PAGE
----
Modi's 'era not of war' statement makes it to G20 draft communique

The Indian delegation played a big role in achieving consensus among member states over the wording criticising the Russian invasion, according to two officials with knowledge of the negotiations
Prime Minister Narendra Modi at G20 summit
Prime Minister Narendra Modi at G20 summit

NEW DELHI: Prime Minister Narendra Modi's statement to Russian President Vladimir Putin in Samarkand on the sidelines of the SCO summit on September 16 - "today's era isn't of war" has made it to the G20 draft communique, reported Financial Times. World leaders will reiterate PM Modi's statement that today's era "must not be of war" at the G20 summit in Bali, according to a draft communique agreed by diplomats that also condemned threats of nuclear weapons use.

The Indian delegation played a big role in achieving consensus among member states over the wording criticising the Russian invasion, according to two officials with knowledge of the negotiations. The draft statement, seen by the Financial Times and confirmed by two officials said, "Most members strongly condemned the war in Ukraine and stressed it is causing immense human suffering and exacerbating existing fragilities in the global economy."

"The use or threat of use of nuclear weapons is inadmissible. The peaceful resolution of conflicts, efforts to address crises, diplomacy, and dialogue are vital. Today's era must not be of war," the draft statement said. The communique was agreed by country delegates on Monday night but must still be signed off by G20 leaders at a two-day summit that began on Tuesday morning.

Officials had earlier warned that Russia's objection to the condemnation of the war and China's support for Moscow could mean the G20 summit in Bali, Indonesia, risked being the first to fail to agree on a joint statement, as western leaders sought to rally support for Kyiv and condemnation of Moscow, reported Financial Times. The G20 "will make clear that Russia's war is wreaking havoc for people everywhere", a senior US official said, adding that there was a growing trend of "countries from different parts of the world, large and small, and lower and middle income" speaking out against the conflict.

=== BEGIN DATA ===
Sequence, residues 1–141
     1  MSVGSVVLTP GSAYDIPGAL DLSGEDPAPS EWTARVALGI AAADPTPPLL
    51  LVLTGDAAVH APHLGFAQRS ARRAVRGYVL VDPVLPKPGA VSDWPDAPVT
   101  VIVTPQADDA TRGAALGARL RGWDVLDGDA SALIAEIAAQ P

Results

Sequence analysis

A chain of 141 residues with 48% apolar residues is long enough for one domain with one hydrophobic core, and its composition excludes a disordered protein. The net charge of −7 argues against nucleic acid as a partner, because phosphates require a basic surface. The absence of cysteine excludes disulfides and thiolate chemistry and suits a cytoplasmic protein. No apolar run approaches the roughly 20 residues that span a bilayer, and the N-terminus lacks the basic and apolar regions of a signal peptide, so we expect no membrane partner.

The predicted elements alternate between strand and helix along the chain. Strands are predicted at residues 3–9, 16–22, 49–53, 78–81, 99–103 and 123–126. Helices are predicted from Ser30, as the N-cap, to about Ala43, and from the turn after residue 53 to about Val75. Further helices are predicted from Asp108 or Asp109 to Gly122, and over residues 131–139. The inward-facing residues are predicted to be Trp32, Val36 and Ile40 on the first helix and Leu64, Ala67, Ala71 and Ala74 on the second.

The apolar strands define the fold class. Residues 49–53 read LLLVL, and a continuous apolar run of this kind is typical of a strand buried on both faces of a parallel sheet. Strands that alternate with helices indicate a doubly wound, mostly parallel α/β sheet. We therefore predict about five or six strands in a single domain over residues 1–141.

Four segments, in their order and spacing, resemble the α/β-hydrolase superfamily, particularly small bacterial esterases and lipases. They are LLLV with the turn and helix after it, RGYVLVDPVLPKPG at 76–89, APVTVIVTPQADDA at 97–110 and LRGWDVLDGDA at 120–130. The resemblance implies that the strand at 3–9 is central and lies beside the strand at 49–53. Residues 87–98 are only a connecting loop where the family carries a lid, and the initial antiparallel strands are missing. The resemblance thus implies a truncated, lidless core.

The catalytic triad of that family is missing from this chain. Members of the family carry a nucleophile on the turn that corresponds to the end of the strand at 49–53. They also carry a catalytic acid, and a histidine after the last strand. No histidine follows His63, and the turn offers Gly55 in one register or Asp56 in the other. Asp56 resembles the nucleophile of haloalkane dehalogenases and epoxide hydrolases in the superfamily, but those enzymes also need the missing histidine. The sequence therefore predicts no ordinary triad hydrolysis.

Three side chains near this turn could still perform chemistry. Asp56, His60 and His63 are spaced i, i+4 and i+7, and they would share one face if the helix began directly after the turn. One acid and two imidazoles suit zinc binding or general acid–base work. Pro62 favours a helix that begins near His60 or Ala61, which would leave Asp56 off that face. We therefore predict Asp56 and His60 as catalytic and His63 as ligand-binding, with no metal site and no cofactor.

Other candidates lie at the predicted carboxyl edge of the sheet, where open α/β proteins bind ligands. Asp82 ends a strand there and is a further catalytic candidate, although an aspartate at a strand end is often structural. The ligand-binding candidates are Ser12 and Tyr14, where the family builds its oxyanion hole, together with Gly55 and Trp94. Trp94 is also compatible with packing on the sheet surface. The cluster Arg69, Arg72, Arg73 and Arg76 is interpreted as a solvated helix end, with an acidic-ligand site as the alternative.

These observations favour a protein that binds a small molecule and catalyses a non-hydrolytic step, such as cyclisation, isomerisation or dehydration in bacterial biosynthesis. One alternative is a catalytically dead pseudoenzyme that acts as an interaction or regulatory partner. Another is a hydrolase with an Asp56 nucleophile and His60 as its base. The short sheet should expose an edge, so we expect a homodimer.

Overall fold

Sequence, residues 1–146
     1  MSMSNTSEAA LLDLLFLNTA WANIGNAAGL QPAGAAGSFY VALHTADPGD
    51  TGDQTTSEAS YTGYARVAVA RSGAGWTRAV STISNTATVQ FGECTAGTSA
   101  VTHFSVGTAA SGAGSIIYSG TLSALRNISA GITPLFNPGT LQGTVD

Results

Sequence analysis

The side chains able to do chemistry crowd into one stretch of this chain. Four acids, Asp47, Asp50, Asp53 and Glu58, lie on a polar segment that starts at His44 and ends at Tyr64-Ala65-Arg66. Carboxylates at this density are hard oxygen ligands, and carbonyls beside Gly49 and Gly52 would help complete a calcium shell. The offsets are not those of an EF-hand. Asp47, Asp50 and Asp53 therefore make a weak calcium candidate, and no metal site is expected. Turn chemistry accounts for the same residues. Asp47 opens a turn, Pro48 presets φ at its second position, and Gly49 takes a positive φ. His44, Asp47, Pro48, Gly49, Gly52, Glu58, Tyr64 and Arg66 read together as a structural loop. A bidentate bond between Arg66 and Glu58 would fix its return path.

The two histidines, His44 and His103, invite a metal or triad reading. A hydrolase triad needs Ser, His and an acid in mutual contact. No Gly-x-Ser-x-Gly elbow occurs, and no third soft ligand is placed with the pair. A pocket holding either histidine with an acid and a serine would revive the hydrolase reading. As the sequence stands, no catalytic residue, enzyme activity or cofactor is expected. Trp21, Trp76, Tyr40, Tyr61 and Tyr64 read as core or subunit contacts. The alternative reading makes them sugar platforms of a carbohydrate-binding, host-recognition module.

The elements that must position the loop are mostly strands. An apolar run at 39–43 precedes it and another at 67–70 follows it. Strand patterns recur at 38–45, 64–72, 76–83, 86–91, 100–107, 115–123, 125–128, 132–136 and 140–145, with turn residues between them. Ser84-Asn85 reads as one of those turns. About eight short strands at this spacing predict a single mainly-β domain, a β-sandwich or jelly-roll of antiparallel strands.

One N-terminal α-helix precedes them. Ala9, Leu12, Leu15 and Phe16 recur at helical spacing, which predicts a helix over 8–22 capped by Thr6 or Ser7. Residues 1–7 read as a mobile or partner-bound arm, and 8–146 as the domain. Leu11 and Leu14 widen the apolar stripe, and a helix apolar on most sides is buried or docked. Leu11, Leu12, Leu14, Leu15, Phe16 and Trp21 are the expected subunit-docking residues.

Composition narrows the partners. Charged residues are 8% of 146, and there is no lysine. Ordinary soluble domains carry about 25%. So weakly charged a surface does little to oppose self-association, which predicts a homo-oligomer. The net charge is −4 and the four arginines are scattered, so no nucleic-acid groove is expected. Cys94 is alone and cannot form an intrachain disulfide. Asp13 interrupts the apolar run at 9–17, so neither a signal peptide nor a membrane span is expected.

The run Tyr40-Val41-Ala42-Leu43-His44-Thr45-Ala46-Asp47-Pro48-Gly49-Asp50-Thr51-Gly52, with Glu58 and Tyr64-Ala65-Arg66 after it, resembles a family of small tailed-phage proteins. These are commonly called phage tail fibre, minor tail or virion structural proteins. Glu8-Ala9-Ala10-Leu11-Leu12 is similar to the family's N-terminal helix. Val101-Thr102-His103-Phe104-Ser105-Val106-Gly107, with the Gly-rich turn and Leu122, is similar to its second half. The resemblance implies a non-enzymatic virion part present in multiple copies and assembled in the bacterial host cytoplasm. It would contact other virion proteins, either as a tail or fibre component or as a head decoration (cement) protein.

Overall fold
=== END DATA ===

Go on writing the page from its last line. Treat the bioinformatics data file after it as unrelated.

In a special video address to leaders on Tuesday morning in a session dedicated to the war and its impact on global food and energy markets, Volodymyr Zelenskyy, the Ukrainian President, pointedly addressed "leaders of the G19" in a snub to Russia and reiterated demands for Moscow to withdraw its troops from his country, reported Financial Times. "I want this aggressive Russian war to end justly and on the basis of the UN Charter and international law," he said. Zelenskyy added that Ukraine should not be offered peace deals that would compromise its "conscience, sovereignty, territory and independence". "If Russia opposes our peace formula, you will see that it only wants war," he added.

The draft communique stated that the war in Ukraine was "constraining growth, increasing inflation, disrupting supply chains, heightening energy and food insecurity, and elevating financial stability risks". It added, "There were other views and different assessments of the situation and sanctions." Moscow has blamed Western sanctions against it for pushing up global food and energy prices.

In his opening address to the summit, host Joko Widodo, the Indonesian President, warned fellow leaders, "If the war does not end, it will be difficult for us to take responsibility for the future." "We must not divide the world," Widodo added. "We should not allow the world to fall into another cold war." Tuesday afternoon's debate among G20 leaders will focus on global health, followed by a formal evening reception, reported Financial Times.

Xi Jinping, the Chinese President, has faced immense international criticism for his refusal to condemn the invasion of Ukraine or use his deep personal relationship with Putin to convince the Russian leader to reverse the course. Xi, who met his French counterpart Emmanuel Macron on Tuesday, reiterated China's calls for peace talks and a ceasefire in Ukraine.

The Chinese leader also urged France to respect China's "core interests", a reference to rising international concern about Beijing's claims to Taiwan, reported Financial Times. In a thinly veiled reproach of the US, Xi said he hoped France would encourage the EU to pursue an "independent" policy towards China, echoing a message he delivered to German Chancellor Olaf Scholz this month.

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